Do you have any hot weather training tips?

Sidenote:  Favorite Training Items Giveaway goes until Tuesday, have you entered to win?

** Happy Training ** Amanda – TooTallFritz ** amanda@tootallfritz.com

12 thoughts on “I Think I Can, I KNOW I CAN…..

  1. TTF…good post, but have a different aspect on the subject that should be considered. Running in the hot conditions can be useful to building and enhancing your sweat acclimation response, which translates into the sweat glands getting more efficient and minimizing loss of electrolytes. And at times I have done my runs at 2 and 3 pm in the dead hottest part of the day just to work on that adaptation. But…for the most part, adjusting your runs to early morning is far better approach before it gets ultra hot, and evening can work, but the heat usually lingers on well into the evening, unless you are running late and after dark. Everything else you advise and caution about is great.

    You seem to downgrade the treadmill, but I want to note you can still work-up a lot of sweating running on the dreadmill inside the house. Mine is in the basement and the temp down there is always in low 70’s. But when I run on that mill for extended periods of time (i.e. 45-60 min), I can be sweating a lot. Some of the effect is from higher humidity in the basement and the fact my treadmill has no fan on it (but its got speakers!) so I get no cooling effect from wind and the core temp will increase noticeably despite running in what would initially seem to be comfortable temps.

    Second point to note is though you are correct in that you have to adjust your pace slower when running in the heat (but you burn more calories cause extra energy expended by body in diverting blood flow and sweating response), sometimes doing that doesn’t work well for what the specific goal of a run on your schedule is. So…if the training schedule indicates your goal is to run marathon race pace for 7-miles, then you can’t do that in 90-100 degree heat. But…on the dreadmill in the basement, one can belt out a “pace” run and work up a lot of sweating response, but not compromise safety or health or put extra stress and trauma on muscles and metabolic physiology that would occur if one tried to run goal pace in the heat.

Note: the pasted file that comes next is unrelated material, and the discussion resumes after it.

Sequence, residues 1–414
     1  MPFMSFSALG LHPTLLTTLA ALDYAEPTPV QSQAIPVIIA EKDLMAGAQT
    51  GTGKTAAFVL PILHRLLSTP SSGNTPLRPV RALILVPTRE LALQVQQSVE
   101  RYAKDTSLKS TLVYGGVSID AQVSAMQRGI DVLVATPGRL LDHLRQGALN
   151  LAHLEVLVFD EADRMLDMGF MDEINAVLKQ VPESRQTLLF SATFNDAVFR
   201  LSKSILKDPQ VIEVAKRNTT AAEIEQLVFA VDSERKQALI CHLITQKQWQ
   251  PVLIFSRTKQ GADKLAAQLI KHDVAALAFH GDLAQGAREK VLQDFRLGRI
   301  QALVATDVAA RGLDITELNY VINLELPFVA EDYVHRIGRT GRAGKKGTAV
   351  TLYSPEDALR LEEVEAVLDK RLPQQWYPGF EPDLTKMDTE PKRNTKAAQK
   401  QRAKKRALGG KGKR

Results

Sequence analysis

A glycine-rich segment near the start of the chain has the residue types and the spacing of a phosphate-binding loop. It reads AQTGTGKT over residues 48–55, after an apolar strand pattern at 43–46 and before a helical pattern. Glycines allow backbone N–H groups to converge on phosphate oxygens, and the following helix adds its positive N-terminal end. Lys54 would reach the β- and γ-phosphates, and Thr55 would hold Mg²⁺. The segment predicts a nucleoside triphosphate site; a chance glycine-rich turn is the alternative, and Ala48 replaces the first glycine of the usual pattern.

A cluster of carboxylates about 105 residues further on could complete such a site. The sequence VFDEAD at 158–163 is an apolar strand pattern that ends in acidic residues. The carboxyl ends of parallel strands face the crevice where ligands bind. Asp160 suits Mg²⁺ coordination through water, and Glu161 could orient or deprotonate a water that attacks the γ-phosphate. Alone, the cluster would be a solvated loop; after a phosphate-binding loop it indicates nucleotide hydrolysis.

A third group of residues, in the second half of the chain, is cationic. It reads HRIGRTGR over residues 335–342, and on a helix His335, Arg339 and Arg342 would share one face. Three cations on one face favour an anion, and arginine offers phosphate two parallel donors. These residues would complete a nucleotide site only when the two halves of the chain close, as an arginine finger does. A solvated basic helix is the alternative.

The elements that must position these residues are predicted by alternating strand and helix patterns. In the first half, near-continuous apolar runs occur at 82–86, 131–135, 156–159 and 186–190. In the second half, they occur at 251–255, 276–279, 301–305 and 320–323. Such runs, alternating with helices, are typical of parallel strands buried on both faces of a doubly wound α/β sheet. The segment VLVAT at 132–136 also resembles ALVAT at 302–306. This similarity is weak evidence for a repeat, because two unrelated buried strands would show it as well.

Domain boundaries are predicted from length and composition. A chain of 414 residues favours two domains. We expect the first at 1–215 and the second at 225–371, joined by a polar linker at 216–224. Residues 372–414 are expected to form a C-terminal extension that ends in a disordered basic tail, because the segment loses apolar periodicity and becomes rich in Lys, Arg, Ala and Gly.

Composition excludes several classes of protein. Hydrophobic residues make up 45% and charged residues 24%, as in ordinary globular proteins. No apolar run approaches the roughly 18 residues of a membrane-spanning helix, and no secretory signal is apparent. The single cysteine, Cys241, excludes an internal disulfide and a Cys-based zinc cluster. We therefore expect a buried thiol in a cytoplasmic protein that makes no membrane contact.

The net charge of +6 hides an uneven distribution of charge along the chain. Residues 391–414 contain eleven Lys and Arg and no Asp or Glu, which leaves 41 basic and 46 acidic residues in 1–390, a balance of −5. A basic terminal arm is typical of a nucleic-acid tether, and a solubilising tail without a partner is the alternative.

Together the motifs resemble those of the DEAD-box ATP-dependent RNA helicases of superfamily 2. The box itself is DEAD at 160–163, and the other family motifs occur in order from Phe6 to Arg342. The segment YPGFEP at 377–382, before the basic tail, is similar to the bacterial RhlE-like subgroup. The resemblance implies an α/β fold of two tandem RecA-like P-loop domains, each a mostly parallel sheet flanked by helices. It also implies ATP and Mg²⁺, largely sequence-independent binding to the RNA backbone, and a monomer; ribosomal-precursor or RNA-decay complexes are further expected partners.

You have to balance out the goal of your run on the schedule for a particular day. You don’t run every run the same pace and you change it to meet specific goals and objectives to stimulate the body to adapt and become stronger to run your target race at the speed you have set as your goal. There is a time to run in the heat and sweat-it-out, and other times to resort to the treadmill, or just don’t run at all or x-train. And if you are going to run in extreme heat, make sure you have experience doing that and discuss it with your doctor, if there any doubts or concerns about your current condition. Also good to run with a group or partner and carry the cell…just in case. Keep that in mind.

    • Thanks for your input. This was more focused on the long run which can’t be missed and doesn’t necessarily have to be ran at a fast pace. And you are correct, the dreadmill is a sweat fest in any location.

  2. Well said Amanda, the more you train in it the better, your body will get use to it. Same with winter, your body adjusts and gets use to it.

  3. I carry my own water on a hydration belt. It has three bottles, used to be 4 but I keep losing them, so the night before a long hot run, I freeze two bottles to have cooling ice on the bottom of my back and drink them as they defrost. I hydrate really well before leaving the house.

  4. I failed in the PLAN AHEAD department yest, took off for a 5-er (I was hoping for six but really only thinking I would do 3), and man was I parched by mile 4! Planning fail!

  5. Excellent Post! It is and will be hot this summer, just like every summer. Running First thing in the morning helps, too; before the sun but after the cool of the night air!